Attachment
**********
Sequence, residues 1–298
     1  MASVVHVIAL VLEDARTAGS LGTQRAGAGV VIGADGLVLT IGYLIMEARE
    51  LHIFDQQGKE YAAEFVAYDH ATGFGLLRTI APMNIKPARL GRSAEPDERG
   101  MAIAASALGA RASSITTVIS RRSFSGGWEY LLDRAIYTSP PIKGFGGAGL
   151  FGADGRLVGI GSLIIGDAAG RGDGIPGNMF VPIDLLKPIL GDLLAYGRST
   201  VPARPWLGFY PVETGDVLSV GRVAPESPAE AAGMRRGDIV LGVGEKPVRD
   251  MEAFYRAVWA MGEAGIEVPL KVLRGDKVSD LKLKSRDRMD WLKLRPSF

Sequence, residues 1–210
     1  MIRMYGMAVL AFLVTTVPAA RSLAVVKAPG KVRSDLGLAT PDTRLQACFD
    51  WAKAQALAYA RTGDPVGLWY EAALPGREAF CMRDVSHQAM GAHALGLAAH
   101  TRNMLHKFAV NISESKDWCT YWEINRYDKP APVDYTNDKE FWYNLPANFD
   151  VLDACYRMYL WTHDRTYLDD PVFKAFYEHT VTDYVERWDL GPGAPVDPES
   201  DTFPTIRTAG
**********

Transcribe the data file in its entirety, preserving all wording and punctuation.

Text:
Sequence, residues 1–298
     1  MASVVHVIAL VLEDARTAGS LGTQRAGAGV VIGADGLVLT IGYLIMEARE
    51  LHIFDQQGKE YAAEFVAYDH ATGFGLLRTI APMNIKPARL GRSAEPDERG
   101  MAIAASALGA RASSITTVIS RRSFSGGWEY LLDRAIYTSP PIKGFGGAGL
   151  FGADGRLVGI GSLIIGDAAG RGDGIPGNMF VPIDLLKPIL GDLLAYGRST
   201  VPARPWLGFY PVETGDVLSV GRVAPESPAE AAGMRRGDIV LGVGEKPVRD
   251  MEAFYRAVWA MGEAGIEVPL KVLRGDKVSD LKLKSRDRMD WLKLRPSF

Sequence, residues 1–210
     1  MIRMYGMAVL AFLVTTVPAA RSLAVVKAPG KVRSDLGLAT PDTRLQACFD
    51  WAKAQALAYA RTGDPVGLWY EAALPGREAF CMRDVSHQAM GAHALGLAAH
   101  TRNMLHKFAV NISESKDWCT YWEINRYDKP APVDYTNDKE FWYNLPANFD
   151  VLDACYRMYL WTHDRTYLDD PVFKAFYEHT VTDYVERWDL GPGAPVDPES
   201  DTFPTIRTAG